Hamburger Hochbahn is on a mission to put only electric buses on the streets of Hamburg, Germany, by 2020. You may know Hamburg as the spot where hamburgers were invented, but this is major port city in Germany with over a million people living in it.
Sustainable Bus reported that the German city’s bus fleet, known as Hamburger Hochbahn, will be buying 530 all-electric buses between 2021 and 2025. The fleet already has 20 Mercedes eCitaro and 10 Solaris Urbino 12 electric buses, which are first steps into a plan to introduce no fewer than 530 electric buses by 2025. This plan is part of a larger one to clean up transportation in the city.
The Hamburg Senate wants transport operators to only purchase zero-emission, fully electric buses from 2020 forward. This is a part of Germany’s wider environmental agenda, but it’s notable that Hamburg is one of the first cities to commit to the full electrification of its bus fleet. The end goal is for the city to have only electric buses in its fleet by 2030.
Hochbahn hopes to obtain government subsidies for these investments, and the fund from those subsidies will go toward buses with depot charging, a type of system that charges buses while they are parked (usually overnight). Another type of charging that is on the table is called opportunity charging, where the bus can plug in at the terminal while passengers disembark or embark. A third option is to use hydrogen buses for long-distance services, and there are two already in a trial operation, but hydrogen buses have generally proven uncompetitive with battery-electric buses around the world.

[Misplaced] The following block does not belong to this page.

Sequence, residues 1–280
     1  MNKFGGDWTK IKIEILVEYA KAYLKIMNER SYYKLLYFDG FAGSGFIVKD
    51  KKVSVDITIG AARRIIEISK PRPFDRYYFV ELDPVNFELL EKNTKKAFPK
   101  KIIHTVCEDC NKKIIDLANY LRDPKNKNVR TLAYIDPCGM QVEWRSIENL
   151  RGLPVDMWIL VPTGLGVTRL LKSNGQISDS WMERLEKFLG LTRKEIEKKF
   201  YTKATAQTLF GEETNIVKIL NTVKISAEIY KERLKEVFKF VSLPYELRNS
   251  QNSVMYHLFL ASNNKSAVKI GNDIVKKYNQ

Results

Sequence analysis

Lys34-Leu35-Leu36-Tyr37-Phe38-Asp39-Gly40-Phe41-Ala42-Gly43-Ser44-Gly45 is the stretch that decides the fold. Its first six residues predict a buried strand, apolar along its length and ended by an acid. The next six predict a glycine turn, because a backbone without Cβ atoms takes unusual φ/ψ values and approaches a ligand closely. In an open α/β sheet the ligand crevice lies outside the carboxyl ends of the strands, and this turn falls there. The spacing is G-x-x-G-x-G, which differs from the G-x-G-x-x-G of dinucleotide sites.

Hamburger Hochbahn Is One Of Many Cities Electrifying Its Fleet
When I was at the Clean Fuels Summit in Louisiana last week, I learned quite a bit about electric buses. On this side of the world, most notably, BYD and Proterra are actively trying to meet this new demand for electrification. BYD, which is headquartered in China but also has a large base in California (which CleanTechnica has toured), just launched its K12A fleet, the world’s longest pure electric buses. Each of these buses holds 250 people and travels at a max speed of 70 km/h. This is also the world’s first electric bus equipped with a distributed 4WD system that can switch between 2WD and 4WD.
In 2017, Shreveport’s bus system, SporTran, teamed up with Proterra to deploy Louisiana’s first battery-electric buses. This makes me proud of my hometown and the local bus system, with just 15 routes that I grew up riding on. I used it to go to both middle school and high school. When I was there, it was a small system that stopped running most routes after 6:00 pm and ran odd hours on Sundays. Now, it’s leading the state in the electrification of bus fleets and has grown into a better system that has doubled its route services.
This was made possible due to SporTran winning a Federal Transit Administration’s Low or No-Emission Vehicle Deployment Grant, which funded the 5 Proterra buses, 3 depot chargers, and an on-route fast charger. This replacement saved SporTran over $2 million on maintenance and fuel. SporTran will reinvest the savings into Shreveport’s transportation system.
We still have a long ways to go when it comes to embracing electric buses, but the demand is definitely there and it is being pushed worldwide by leaders who listen to the concerns of citizens who want something to be done about buses that have historically produced a lot of diesel emissions.
Featured image: Screenshot from Hochban YouTube video.